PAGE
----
This is the sophomore album from the U.K.’s Caves and although it retains the band’s distinctive and slightly chaotic sound, it has taken a swing away from having a bit of a poppy edge to something that has a bit more grit and grime; laced as it is with more of a garage punk quality, at times, yet without losing the melodic bent that has always underpinned the band’s music. It’s still undoubtedly a Caves recording but, hell, the gears have been shifted somewhat to create an all-consuming sound (aided by a quality production job by the current “go to” guy here, Pete Miles) that slays from start to finish—even the acoustic number packs a punch. What I love more than anything are Dave Brent’s drums. They crash, they bang, and they most certainly wallop, as he performs in a way that Animal would be proud. Don’t worry, it’s all part and parcel of the songs, nothing is gratuitous but it really stands out to me. With Jonathan Minto slapping his bass around whilst adding vocals here and there, the rhythm section provides the structure that allows Lou Hannam to give her all, scratching away at her six strings whilst using her cacophonous voice to drive home the songs. If this band were from the U.S.A., us Brits would be urging them to come over and play for us. As it is, we’re proud to say they’re one of ours and all eyes should be looking to this tiny island. Although as frequent visitors to the U.S.A. for The Fest and a handful of other shows, Caves should not be missed if you get the chance to see them. The CD is available via Bombed Out and the LP via Yo-Yo.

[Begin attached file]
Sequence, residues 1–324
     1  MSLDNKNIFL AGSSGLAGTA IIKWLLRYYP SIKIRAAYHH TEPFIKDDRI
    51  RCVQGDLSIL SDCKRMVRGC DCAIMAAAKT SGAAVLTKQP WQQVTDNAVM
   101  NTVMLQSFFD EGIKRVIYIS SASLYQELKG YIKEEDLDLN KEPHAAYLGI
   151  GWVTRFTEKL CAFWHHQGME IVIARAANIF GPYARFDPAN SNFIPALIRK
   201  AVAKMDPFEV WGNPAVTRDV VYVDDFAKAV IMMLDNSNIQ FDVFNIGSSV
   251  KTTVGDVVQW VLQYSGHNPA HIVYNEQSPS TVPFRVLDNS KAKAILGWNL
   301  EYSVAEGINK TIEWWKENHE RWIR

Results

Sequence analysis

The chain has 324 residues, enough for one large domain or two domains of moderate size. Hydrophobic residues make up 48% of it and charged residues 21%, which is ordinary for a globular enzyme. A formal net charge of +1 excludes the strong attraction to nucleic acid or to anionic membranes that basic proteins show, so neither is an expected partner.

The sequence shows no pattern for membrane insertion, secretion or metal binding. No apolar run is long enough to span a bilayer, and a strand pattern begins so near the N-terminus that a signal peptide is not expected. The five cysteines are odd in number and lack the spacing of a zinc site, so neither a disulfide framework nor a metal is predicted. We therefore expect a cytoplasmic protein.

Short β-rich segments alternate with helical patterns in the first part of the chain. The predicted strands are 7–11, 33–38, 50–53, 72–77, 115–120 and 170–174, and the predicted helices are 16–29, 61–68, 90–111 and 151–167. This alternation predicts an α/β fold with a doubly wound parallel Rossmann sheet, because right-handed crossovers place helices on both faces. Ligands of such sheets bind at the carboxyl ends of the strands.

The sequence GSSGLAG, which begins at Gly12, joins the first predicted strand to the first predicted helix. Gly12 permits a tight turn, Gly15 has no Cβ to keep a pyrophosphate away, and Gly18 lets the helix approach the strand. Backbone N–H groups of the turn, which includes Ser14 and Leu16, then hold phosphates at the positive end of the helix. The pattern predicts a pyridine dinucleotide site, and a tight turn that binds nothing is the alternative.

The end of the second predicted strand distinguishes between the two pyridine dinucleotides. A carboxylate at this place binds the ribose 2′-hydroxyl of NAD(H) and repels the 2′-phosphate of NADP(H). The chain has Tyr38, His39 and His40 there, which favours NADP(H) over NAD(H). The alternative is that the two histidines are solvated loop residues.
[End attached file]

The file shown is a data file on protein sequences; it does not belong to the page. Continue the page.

–guest (Bombed Out, [email protected], bombedout.com / Yo-Yo, yoyorecords.de)